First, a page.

Argentina’s lengthy debt saga returned to the spotlight last week, with its second default in only 12 years triggering George Soros and other investors to sue Bank of New York Mellon for withholding interest payments.

This came after Argentina refused to comply with a U.S. legal ruling ordering it to repay $1.3 billion to creditors, triggering a selective default. Moody’s Investors Service downgraded its outlook for the country’s debt to “negative” at the end of July and confirmed its long-term credit rating at “Caa1″—meaning it views Argentine debt as a highly risky investment at the precarious end of the “junk bond” spectrum.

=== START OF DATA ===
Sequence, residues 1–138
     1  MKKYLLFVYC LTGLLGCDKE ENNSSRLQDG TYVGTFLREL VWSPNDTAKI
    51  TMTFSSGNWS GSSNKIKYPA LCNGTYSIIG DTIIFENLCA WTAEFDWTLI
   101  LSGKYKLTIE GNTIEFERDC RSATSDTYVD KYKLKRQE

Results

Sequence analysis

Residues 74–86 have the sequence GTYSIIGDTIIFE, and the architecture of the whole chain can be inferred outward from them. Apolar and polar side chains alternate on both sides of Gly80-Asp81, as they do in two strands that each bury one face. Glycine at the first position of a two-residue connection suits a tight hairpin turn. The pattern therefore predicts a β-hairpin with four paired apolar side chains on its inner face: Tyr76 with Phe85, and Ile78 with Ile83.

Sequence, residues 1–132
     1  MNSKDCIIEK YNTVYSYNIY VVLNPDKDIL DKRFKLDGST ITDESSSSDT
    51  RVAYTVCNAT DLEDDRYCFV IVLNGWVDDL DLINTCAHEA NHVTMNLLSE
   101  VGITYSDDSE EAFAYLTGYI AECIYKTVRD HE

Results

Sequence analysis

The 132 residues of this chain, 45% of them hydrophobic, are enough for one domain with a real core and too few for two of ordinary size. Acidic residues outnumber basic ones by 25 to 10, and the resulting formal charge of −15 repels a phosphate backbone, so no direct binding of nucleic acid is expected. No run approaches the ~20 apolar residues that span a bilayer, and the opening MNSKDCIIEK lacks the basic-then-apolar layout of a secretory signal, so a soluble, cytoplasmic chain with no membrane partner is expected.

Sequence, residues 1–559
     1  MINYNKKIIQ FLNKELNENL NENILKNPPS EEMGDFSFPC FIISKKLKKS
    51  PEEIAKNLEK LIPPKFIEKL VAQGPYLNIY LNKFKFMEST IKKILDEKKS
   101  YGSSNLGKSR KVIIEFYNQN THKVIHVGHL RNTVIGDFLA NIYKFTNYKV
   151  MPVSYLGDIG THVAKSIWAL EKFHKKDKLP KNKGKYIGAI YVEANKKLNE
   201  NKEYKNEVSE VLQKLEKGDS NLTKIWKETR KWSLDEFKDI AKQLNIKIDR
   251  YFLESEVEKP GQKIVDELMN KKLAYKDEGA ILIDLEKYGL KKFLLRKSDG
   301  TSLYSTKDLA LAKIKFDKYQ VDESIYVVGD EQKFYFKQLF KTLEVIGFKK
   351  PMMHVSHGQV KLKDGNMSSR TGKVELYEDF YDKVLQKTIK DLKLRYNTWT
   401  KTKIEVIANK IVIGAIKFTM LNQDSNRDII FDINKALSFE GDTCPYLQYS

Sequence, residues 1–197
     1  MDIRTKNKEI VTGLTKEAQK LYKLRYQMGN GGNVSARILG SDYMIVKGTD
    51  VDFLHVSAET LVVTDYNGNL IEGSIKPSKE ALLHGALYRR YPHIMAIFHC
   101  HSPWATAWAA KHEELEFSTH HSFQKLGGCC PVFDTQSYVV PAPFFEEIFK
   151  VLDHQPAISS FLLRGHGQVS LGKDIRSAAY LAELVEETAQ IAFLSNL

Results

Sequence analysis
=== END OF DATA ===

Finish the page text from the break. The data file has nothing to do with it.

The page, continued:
Argentina is, nonetheless, only one of several countries whose shaky finances leave them on the brink of being unable to repay their obligations. Moody’s currently rates 10 other countries’ debt as equally or even more risky than that of Argentina. These span the globe, from nearby by Venezuela and Ecuador to Pakistan and Greece.

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